Battle continues over Coastal GasLink project as both sides speak out

John Crawford
02/11/2020

Supporters of both sides in the Wet'suwet'en Hereditary Chiefs' fight against the Coastal GasLink project continue to make their feelings known.
 
The Gitanyow Hereditary Chiefs issued a statement yesterday, saying they stand with the Wet'suwet'en against what they call the armed invasion of their territories by the RCMP.
 
Late last week, members of Gitanyow and Gitwangak blocked trucks on Highway 37, just north of Kitwanga junction, for 24 hours.
 
The Council of the Haida Nation also issued a statement in support of the Hereditary Chiefs.

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Wet'suwet'en spokesperson Jen Wickham says the growing protests are an indication of growing awareness of Indigenous rights across Canada.
 
"We can see it all across Canada and the US right now; all across Turtle Island, people are realizing this and they're angry, they're upset and they're taking to the streets and they're occupying offices and they're stopping traffic and they're stopping trains and they're saying loud and clear this is not okay," she said.

CN Rail says nearly 200 trains have been affected by protests in support of the Wet’suwet’en hereditary chiefs, both at New Hazelton and In Bellville, Ontario..

The New Hazelton blockade, which began Saturday, is affecting traffic in and out of the Ports of Prince Rupert and Kitimat.

CN says it's working with local police to enforce the orders issued from the courts.
 
The Wood Pellet Association of Canada says the blockade could do irreparable harm to the industry.

Spokesperson Gordon Murray has written to several government ministers, saying pellet plants have very little onsite storage, so a rail stoppage will cause them to close down within a day or two, putting hundreds of people out of work.
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However, at least one Wet'suwet'en Hereditary Chief says the Coastal GasLink project also has a lot of support among her people.
 
Helen Michelle of the Skin Tyee Nation says First Nation councils worked hard to make sure the project would be developed responsibly..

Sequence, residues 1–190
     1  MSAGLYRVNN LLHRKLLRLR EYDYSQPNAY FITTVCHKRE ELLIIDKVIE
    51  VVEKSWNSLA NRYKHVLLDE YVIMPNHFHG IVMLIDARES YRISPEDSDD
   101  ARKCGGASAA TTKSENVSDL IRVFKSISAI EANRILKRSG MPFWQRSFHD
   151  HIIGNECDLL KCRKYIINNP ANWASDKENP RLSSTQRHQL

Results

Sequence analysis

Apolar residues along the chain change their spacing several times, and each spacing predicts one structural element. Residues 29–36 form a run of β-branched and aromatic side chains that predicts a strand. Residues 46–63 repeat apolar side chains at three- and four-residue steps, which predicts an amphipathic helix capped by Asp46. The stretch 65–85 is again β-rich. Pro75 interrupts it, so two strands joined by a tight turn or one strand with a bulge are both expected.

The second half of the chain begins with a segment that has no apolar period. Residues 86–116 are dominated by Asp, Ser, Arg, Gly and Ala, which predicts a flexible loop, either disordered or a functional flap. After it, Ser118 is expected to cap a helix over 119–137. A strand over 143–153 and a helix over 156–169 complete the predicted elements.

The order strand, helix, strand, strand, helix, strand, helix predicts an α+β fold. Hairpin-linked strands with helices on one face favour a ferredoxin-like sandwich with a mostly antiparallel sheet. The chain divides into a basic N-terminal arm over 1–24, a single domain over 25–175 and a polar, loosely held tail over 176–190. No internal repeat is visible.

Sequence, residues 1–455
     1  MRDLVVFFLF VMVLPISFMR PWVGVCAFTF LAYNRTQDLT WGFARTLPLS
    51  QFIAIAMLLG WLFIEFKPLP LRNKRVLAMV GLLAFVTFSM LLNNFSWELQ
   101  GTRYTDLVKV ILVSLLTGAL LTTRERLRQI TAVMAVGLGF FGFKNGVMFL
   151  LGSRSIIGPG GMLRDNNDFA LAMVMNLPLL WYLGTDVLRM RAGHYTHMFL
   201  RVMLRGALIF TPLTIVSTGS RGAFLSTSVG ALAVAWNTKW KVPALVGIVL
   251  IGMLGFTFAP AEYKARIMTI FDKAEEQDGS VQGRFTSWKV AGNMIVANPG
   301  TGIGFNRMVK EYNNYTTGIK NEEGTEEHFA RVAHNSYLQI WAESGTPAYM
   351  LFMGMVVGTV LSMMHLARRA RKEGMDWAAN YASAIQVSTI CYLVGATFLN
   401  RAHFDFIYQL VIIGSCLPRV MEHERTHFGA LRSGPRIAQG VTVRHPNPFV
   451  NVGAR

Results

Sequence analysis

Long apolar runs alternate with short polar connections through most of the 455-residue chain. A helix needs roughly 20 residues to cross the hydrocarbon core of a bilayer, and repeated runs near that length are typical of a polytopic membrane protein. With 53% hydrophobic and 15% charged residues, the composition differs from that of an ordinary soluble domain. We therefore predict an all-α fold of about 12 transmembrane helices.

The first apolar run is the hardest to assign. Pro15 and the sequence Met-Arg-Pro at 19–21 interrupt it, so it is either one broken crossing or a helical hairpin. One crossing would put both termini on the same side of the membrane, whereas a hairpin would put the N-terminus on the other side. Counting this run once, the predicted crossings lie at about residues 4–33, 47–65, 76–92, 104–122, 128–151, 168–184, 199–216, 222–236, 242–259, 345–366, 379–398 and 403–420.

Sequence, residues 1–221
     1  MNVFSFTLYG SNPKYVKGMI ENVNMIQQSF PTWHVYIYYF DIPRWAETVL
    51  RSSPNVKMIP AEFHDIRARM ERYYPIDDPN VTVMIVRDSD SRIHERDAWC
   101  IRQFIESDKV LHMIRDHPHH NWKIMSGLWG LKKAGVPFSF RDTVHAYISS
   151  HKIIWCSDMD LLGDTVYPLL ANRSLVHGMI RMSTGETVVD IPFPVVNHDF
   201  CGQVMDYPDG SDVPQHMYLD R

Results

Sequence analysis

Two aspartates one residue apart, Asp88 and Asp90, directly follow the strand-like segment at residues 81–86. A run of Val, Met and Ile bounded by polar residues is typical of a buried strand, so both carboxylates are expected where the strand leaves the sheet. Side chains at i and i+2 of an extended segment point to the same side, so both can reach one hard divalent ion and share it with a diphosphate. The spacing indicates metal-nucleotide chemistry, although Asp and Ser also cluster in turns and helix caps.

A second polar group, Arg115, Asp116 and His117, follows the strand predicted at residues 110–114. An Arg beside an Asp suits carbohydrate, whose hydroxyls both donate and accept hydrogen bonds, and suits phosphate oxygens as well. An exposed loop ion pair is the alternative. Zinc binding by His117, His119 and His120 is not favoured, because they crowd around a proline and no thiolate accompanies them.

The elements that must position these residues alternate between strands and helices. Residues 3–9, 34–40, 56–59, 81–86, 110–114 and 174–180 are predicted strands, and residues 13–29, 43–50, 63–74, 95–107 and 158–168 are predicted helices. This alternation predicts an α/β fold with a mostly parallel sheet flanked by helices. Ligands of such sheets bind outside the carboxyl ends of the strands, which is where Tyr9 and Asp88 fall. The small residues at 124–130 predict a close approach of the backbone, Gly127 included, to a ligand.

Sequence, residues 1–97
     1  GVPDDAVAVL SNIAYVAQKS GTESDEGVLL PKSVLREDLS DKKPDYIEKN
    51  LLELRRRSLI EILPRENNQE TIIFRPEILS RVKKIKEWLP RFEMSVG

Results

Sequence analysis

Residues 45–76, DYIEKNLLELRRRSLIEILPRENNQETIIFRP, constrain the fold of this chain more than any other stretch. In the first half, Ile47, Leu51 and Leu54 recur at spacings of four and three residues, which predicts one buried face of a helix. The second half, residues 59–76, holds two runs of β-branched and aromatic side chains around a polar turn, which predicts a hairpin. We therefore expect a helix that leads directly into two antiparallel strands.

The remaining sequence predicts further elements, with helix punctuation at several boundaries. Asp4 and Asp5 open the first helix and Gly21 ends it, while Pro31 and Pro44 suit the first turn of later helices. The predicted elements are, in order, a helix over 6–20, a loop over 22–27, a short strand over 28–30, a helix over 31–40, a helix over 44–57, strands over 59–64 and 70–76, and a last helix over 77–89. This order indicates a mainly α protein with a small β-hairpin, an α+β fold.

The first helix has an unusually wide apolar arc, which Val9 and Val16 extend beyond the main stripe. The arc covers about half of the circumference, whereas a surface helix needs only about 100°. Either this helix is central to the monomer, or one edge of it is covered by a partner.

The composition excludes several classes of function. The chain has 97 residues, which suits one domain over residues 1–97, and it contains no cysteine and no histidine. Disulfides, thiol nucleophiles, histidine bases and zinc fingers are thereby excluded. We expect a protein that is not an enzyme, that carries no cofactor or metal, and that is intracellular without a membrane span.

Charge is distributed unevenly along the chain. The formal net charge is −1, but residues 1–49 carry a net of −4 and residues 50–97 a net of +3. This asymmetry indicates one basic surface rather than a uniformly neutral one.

"We walked in that area on foot through a consultation with L-N-G and there was no buildings there, there was nothing; after the approval of LNG, they started building facilities there and it's only one big family that use that, and a lot of the protesters are not even Wet'suwet'en people; they are not Wet'suwet'en people; you see the young man falling trees, he's not Wet'suwet'en people.. I'm Wet'suwet'en!" she said.

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[PHOTO:   Helen Michelle, Skin Tyee Nation]
 
All 20 elected band councils along the pipeline route support the project.
 
Late yesterday, the RCMP said they are wrapping up their "major operations'' in support of a court injunction against those blocking Coastal GasLink workers from accessing a site south of Houston.
 
Police say an additional seven people were arrested when officers reached the final encampment along the Morice West Forest Service Road yesterday morning.
 
Members of the Unist'ot'en clan say a convoy of armed police tactical units had been forcibly removing matriarchs and land defenders from their traditional territories. 
 
Among those arrested, according to the Unist'ot'en, are Freda Huson and Brenda Michell, who at the time were holding a ceremony to honour missing and murdered indigenous women and girls -- they were later released.

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[FACEBOOK PHOTO:  Freda Huson, Brenda Michell, Victoria Redsun, after release from arrest Feb 10, 2020]

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